Interesting name, Xavier. You see, in Spanish (ok, in Mexican Spanish, you pedants), you can say “Xavier” or “Javier” and it will sound the same; the difference is now mostly aesthetic than phonetic. I make this simple but useful note as you’ll need it to understand where this fusion band, called Xavier, is shooting from in their new album, Mudanza, a 6 song loveletter to life, memories and solitude.
A Mexican supergroup of sorts, the band is a Gestalt entity made up from several bands, including (but not limited to) URSS Bajo el árbol, The Jonathan Arellano Project, Eric el Niño and Yokozuna. Similarly to the now defunct Legend of Seven Black Tentacles, the band deftly mixes Rap, Jazz and a bit of danzón in an intricate pattern that both soothe and conflagrates the deepest recesses of your soul.
But let’s go back and navelgaze about the “X” in their name. I might be overanalysing, but in this case, it feels it represents the juxtaposition between female vocals (courtesy of Citlalli Toledo) that delivers lines full of longing, while Eric El Niño‘s rap has a pent-up anger fuelled by equal parts frustration and desperation. Between this vocal tug-of-war, there lies a beautiful instrumental base layered carefully by a band of passionate musicians that just want to tell a story.
What’s this story about? I’d venture to say it’s not a happy one but not an overtly sad one either. Indeed, it feels more about a slice of life situation; the sweet and the bitter (see Vanilla Sky.) ‘Soy yo’ (it’s me) works as an introduction to the band, letting each member speak on their own terms. ‘Todo arde’ feels like a sexy, seedy night out on the streets of cualquier lado, where the alcoholic stupor seems to be dissipating slowly and you’re left with a stir of thoughts misguiding you through the dark night.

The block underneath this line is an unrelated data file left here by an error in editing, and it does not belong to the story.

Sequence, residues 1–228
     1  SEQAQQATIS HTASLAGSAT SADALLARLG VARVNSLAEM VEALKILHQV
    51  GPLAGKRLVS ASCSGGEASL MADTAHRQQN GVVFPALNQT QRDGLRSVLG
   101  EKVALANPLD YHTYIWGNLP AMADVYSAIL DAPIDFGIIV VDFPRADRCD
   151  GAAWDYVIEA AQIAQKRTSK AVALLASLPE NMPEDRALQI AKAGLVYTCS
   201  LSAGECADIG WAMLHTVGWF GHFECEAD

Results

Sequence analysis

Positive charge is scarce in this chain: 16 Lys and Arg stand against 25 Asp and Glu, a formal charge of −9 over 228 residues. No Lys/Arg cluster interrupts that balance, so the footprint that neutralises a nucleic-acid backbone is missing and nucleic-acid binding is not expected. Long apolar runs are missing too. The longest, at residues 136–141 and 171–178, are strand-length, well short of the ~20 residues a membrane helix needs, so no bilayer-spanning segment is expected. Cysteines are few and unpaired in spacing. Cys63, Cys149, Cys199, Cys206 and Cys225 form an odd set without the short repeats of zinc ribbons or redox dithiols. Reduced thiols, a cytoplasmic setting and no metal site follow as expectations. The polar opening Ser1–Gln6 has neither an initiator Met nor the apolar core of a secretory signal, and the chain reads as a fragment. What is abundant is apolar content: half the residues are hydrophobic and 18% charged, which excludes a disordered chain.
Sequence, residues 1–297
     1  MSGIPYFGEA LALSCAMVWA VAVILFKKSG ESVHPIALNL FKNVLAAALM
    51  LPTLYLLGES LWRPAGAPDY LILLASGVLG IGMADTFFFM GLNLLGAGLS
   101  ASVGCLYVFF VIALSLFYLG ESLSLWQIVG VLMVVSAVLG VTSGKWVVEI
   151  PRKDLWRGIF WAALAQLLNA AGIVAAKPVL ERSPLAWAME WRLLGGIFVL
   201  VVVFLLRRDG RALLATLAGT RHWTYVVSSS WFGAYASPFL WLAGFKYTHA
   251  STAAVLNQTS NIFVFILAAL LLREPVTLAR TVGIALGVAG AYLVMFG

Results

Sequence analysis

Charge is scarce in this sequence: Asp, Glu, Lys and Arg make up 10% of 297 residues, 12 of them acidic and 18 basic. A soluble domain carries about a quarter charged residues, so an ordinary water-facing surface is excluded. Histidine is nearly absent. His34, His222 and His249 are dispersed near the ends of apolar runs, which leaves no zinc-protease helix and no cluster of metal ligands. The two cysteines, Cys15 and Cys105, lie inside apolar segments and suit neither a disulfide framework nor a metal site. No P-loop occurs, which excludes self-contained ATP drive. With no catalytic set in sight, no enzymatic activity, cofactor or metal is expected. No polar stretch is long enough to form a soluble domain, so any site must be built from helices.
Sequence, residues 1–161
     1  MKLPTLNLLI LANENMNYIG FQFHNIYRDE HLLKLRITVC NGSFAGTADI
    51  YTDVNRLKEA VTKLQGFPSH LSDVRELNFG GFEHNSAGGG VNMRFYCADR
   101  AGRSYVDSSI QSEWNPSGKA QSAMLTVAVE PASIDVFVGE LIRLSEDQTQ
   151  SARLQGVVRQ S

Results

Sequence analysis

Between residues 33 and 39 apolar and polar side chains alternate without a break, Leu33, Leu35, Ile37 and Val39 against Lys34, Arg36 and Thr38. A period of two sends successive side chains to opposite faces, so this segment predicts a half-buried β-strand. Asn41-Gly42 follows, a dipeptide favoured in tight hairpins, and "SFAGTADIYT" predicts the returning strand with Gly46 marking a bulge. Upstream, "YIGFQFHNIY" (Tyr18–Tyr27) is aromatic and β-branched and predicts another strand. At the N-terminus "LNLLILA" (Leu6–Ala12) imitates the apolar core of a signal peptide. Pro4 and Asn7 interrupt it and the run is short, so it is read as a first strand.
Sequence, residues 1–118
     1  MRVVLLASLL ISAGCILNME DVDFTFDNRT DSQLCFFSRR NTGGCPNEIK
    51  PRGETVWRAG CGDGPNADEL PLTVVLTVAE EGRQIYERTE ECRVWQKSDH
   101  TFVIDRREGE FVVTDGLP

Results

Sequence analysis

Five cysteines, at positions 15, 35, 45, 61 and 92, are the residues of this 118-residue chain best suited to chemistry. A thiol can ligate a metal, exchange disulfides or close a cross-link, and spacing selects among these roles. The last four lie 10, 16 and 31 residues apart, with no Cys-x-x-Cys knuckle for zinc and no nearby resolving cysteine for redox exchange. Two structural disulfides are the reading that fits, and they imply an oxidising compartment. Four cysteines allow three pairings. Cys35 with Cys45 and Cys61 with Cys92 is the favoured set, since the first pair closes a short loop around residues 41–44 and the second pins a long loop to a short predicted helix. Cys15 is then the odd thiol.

‘Incomprendido’ is what we call “the hit.” The slow, thoughtful beginning, the remorseful lyrics and the ever-evolving nature of the track make it a beast of a song. This is the moment when Xavier gels together perfectly; every element cemented now and forever. Gotta love that ending (I smell a Yokozuna brother’s involvement.) ‘Mariposa’ brings out the cocktail class of ’76 with a beautiful Rhodes providing the soul for a sweet song.
Whereas ‘Incomprendido’ felt like the powerful call to arms, ‘Re2′ feels like a total surrender. It’s quite downbeat, even if the lyrics feel like an affirmation of the singers’ sense of self. When both Citlalli and Eric repeat “I am who I am / in this place / I am who I am / I will not escape“, you can feel that an identity crisis has been sorted and a new day is on the horizon. ‘Re2’ also finds the band embracing their most experimental side, with an instrumental interlude chockfull of atmospheres and drones.
We can’t end an EP like this with a downbeat note, so ‘Bailar Contigo’ is a happy invitation to shake your hips and let all worries sway away on the dancefloor. Sometimes, that’s the best antidepressant you can ingest. Experimental yet still quite palatable, this is who Xavier are and Mudanza is their calling card.
Words: Sam J. Valdés López